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Tuesday, 19 February, 2002, 14:07 GMT
Vatican Radio out of the dock
Vatican Radio studio
The papal station does not fall under Italian jurisdiction
A court in Rome has dismissed a case against three officials from Vatican Radio whom Italian prosecutors said were risking lives by violating restrictions on electromagnetic emissions.

Judge Andrea Calabria ruled that Italy had no jurisdiction over the three, citing a 1929 treaty between the Holy See and Italy which enshrined the Vatican as independent city state.

Vatican antenna
Vatican antennae have been blamed for cancer cases
Residents in the Rome suburb of Santa Maria di Galeria, where the transmission centre is located, have alleged that excessive electromagnetic levels have caused an unusually high number of cases of leukaemia in the area.

Those locals who were present in court responded to the verdict with dismay. "All are not equal before the law," they shouted, according to the Italian news agency ANSA.

Papal exemption

Among the three Vatican officials on trial was a recently elevated cardinal, Roberto Tucci, an aide who has helped prepare many papal trips abroad.

The other defendants were Reverend Pasquale Borgomeo, the radio station's director-general, and Constantino Pacifici, an engineer.

Vatican Radio said it was pleased with the outcome of the case, but insisted that it would continue to guard against health risks posed by its transmissions, which are broadcast around the world in around 40 languages.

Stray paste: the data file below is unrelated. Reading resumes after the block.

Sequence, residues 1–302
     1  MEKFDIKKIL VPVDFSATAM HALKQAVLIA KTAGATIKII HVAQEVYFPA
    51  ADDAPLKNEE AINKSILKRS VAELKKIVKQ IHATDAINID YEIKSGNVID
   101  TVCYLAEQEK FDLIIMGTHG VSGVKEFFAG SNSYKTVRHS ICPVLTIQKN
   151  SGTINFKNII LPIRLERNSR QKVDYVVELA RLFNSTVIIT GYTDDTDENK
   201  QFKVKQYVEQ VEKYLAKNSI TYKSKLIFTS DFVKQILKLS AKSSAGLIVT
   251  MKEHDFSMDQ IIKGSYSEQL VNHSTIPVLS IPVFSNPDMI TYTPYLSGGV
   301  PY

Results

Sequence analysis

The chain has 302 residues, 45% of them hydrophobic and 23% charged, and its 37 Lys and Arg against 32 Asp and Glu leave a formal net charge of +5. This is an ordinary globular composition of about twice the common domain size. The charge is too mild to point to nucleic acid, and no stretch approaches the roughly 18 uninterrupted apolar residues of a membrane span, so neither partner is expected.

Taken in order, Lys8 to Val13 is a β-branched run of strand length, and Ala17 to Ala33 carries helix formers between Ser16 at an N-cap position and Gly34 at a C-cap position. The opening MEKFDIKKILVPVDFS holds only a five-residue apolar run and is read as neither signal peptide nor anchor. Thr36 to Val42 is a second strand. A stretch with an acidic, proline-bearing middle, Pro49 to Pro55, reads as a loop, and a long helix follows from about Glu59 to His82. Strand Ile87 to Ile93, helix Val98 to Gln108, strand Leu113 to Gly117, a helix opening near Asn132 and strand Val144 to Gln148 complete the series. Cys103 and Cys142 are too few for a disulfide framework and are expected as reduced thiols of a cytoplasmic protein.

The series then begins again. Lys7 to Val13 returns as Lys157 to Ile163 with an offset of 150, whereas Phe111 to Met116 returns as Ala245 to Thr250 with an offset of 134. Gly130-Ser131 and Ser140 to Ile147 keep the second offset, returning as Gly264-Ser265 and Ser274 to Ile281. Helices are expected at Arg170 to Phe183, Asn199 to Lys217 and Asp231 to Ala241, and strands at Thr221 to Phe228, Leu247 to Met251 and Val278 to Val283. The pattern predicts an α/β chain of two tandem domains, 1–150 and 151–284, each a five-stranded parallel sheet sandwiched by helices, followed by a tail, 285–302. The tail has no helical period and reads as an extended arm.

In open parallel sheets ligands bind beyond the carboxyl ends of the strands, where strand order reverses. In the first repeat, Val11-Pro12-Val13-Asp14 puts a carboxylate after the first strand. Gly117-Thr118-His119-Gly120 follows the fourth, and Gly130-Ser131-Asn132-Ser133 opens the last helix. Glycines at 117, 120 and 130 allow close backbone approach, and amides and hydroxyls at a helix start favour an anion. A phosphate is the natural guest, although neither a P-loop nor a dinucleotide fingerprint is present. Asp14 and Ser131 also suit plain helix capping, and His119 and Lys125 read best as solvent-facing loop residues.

Last year, the then Italian Environment Minister, Willer Bordon, threatened to cut off electricity supplies to the radio service if it failed to reduce its emissions. He noted that levels has been measured at three times the Italian legal limit for electromagnetic radiation during an evening broadcast.

He was, however, overruled by former Prime Minister Giuliano Amato. It was believed he feared such an action could seriously divide his cabinet.

People living near the transmitters have frequently taken to the streets in protest at the emissions.

When the 440-hectare (960-acre) site was opened in 1951, the area was sparsely populated, but now about 100,000 people live in the vicinity.

See also:

11 Apr 01 | Europe
Italy renews Vatican Radio threat
09 Apr 01 | Europe
Vatican radio bows to pressure
15 Jan 01 | Country profiles
Country profile: Vatican
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